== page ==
With that in mind last year four organizations – the Executive Women’s Golf Association, Golf for Cause, Jan Bel Jan Golf Course Design and Ladies Links Fore Golf – got together forming the National Women’s Golf Alliance. The stated mission is to “Increase the number of women playing golf and improve engagement levels of existing women golfers.”


"The National Women's Golf Alliance represents a grass roots effort by women to bring an even better golf experience to women," said Pam Swensen, CEO of the EWGA. "It is thrilling to be a part of this historical coming together of women's groups to speak with one voice in helping to guide golf facilities to better meet the needs of their female customers, while enhancing their bottom line revenues."


I translate that to mean making the game more fun by identifying and overcoming the barriers the game and golf course industry has had to women learning and playing.


Working towards removing the barriers led NWGA to create a golf course consulting service to evaluate operations in five areas:

- Playability-multiple tee sets with one less than 5,000-yards
- Customer Service-welcoming women as valued customers
- Amenities-drinking water, ball washers, restrooms conveniently located
- Facility-Good selection of women’s merchandise and healthy food choices
- Programs-fairly priced 9-hole play and learning options


Courses are eligible to earn a “Rolling Out the Green Carpet” certification which is useful in their advertising and public relations by letting women know their facility is working to be welcoming and attractive.


Now, if they could just work on getting rid of 3-putts…

Slow Play


At a recent conference in between the interesting and informative sessions we were provided the chance to meet and greet some industry suppliers. Same old stuff you say?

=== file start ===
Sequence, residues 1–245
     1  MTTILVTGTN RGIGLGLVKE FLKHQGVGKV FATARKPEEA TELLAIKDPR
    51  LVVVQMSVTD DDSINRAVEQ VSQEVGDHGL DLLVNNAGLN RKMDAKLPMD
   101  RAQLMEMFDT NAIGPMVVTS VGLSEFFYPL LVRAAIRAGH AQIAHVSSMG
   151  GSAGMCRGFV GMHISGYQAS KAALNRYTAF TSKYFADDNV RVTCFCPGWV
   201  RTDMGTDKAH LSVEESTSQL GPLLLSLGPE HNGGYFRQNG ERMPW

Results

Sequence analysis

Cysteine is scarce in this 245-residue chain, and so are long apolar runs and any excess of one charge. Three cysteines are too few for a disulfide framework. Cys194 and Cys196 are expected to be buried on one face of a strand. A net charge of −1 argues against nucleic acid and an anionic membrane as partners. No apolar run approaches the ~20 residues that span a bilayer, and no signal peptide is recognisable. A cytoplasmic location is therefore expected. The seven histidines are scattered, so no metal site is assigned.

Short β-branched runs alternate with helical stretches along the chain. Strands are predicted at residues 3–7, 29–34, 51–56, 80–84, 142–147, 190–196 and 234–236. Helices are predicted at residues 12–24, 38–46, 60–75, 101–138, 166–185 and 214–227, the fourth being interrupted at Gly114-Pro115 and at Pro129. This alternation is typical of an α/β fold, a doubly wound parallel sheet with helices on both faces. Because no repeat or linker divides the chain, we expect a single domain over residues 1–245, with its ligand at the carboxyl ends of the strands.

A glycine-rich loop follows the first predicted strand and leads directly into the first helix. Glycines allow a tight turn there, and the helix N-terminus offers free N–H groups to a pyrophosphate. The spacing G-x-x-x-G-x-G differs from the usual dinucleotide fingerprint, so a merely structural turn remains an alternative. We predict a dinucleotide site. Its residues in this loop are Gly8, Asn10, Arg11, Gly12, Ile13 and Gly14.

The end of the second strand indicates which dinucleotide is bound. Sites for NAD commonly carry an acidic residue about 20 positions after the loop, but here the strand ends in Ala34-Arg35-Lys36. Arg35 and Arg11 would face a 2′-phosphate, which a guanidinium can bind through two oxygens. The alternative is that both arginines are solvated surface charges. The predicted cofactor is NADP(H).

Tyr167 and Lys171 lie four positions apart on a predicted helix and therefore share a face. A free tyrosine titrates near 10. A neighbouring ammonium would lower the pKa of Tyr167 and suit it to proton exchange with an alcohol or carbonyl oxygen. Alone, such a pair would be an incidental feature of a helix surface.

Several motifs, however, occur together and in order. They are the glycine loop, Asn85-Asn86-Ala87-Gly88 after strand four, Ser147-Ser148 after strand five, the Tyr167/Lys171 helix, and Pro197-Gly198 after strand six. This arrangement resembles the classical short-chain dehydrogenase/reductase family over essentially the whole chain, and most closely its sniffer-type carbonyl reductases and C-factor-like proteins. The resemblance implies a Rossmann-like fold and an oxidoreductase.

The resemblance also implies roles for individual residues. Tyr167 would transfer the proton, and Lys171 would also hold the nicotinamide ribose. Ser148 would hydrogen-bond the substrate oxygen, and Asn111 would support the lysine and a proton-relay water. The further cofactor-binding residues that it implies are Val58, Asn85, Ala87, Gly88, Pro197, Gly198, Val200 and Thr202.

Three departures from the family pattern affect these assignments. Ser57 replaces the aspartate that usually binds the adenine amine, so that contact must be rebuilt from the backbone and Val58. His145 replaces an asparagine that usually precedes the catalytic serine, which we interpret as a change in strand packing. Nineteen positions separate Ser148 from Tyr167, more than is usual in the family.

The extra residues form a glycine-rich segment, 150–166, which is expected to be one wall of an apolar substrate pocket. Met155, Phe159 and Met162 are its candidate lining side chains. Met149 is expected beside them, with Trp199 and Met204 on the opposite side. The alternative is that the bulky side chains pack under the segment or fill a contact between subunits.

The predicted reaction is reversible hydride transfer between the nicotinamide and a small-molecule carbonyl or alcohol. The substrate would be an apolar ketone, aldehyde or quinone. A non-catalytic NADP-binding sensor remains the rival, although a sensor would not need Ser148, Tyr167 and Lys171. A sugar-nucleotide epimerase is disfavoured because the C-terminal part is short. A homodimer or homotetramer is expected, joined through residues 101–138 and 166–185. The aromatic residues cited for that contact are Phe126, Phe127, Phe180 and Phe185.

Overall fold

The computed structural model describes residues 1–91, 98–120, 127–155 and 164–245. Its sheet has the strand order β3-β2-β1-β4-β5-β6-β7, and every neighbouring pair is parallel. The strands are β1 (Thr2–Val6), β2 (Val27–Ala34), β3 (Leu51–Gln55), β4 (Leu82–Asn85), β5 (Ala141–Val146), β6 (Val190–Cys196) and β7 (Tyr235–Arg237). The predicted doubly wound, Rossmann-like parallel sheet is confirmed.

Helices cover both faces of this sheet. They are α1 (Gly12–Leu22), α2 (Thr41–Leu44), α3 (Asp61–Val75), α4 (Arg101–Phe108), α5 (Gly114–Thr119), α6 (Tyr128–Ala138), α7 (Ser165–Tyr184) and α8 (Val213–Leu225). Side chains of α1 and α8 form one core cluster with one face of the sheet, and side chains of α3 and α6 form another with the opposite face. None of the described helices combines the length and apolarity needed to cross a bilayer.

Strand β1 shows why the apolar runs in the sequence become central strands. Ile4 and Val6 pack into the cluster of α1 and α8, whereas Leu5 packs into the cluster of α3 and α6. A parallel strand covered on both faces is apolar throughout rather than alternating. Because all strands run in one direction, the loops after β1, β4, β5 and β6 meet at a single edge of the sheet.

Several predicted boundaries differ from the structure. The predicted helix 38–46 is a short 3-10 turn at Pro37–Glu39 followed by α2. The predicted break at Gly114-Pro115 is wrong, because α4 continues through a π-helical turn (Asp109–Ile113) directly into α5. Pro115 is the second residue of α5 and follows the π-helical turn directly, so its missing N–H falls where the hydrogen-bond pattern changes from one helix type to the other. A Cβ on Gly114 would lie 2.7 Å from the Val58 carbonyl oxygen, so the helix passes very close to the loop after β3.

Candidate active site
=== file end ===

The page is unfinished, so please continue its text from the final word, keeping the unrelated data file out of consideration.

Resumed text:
In some cases undoubtedly, but I talked with the people who make Sweat Bandit hats (and this is a blatant plug for their quality golf caps that are both moisture wicking and machine washable) who are on a campaign to speed up the time it takes to play golf since according to surveys, time is one of the three reasons for golf’s participation problems. (The others are expense and difficulty)


Each Sweat Bandit cap sold has a hang tag promoting Play 240 Golf, their program to educate golfers regardless of skill level about how to play in 4 hours or less. Key to the effort are 10 pace of play etiquette rules on the hang tag:


-Be ready when it’s your turn and your turn begins when the other player hits his/her shot not after his ball has landed and rolled out.
-Put your glove on before your turn, not when your turn comes
-Figure out the distance before your turn
-Same with club selection
-Read putts before your turn comes
-No more than two practice swings any more are wasted
-Don’t wait in your cart for your turn to come, walk or drive to your ball while others are playing but don’t get in their line of play
-Looking for balls needs good judgment since five minutes of searching by four players is really 20 minutes of time
-Play from the tees you can handle. Surveys show most men think they hit the ball further than they really do. So playing from 7,000-yards when you only drive the ball 180-yards is a prescription for frustration and long, long rounds.
-Play ready golf which simply means if you are ready to hit and not in the way of others, hit it.


To these I would add:
-Drive the cart to the same side of the ball as the player is on the cart. In other words if stopping at your cart passenger’s ball go to the left side leaving enough room for him to hit the shot. Do the same when driving to your ball only to the right of the line of play. This makes for a lot fewer steps each shot and more efficient movement to the bag to get a club since neither you or he have to walk around the cart each time.
-Baring a physical reason (laziness is not included) it wouldn’t hurt you to get out of the cart and retrieve your cartmate’s turf divot or use the sand to fill the gouge. This doesn’t sound like much but really helps and for four players can save up to 10 to 15 minutes per round all by itself.


Go to for more information.


More Arachnids – The Spider Blade & Daddy Long Legs


Until the USGA makes a final determination whether to implement the proposed ban of anchored putting strokes, the debate over the use of nonstandard length putters continues. What only a few people are talking about though is viable alternative should the Rules of Golf be written to forbid use of long putters by pivoting the butt end against some body part.